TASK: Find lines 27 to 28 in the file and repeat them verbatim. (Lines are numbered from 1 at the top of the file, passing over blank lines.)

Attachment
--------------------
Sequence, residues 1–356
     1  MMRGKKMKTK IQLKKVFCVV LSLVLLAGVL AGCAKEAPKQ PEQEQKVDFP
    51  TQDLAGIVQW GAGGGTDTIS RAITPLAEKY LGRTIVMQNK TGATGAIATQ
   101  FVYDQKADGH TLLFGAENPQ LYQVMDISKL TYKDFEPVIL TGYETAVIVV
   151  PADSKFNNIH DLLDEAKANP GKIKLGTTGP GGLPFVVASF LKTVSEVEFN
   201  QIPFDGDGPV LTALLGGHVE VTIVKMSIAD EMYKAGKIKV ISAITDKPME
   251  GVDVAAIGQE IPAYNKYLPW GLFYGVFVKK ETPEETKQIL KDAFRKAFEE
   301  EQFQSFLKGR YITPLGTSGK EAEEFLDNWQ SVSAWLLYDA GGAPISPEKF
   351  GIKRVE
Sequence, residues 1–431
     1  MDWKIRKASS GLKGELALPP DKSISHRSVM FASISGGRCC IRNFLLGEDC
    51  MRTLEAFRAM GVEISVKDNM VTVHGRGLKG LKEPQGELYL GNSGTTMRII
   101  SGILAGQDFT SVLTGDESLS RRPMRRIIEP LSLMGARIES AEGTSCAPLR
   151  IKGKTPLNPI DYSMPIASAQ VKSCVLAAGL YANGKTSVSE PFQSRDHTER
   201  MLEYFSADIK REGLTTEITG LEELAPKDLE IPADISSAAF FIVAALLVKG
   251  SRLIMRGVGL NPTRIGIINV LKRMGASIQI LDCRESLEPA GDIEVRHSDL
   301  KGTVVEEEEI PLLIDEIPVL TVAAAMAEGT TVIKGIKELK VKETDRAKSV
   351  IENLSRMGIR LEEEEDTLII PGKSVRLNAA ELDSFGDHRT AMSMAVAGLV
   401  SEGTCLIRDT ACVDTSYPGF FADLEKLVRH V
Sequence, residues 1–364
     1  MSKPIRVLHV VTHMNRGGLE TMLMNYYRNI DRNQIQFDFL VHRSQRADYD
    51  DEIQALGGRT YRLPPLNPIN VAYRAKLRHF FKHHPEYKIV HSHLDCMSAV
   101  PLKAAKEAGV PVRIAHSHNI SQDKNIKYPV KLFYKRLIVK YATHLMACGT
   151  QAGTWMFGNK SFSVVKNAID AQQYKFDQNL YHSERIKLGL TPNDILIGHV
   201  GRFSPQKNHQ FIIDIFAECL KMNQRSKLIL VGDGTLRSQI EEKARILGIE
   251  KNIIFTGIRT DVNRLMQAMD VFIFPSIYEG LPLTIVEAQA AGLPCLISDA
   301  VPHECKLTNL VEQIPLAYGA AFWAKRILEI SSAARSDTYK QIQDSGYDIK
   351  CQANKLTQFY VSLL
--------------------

   301  VPHECKLTNL VEQIPLAYGA AFWAKRILEI SSAARSDTYK QIQDSGYDIK
   351  CQANKLTQFY VSLL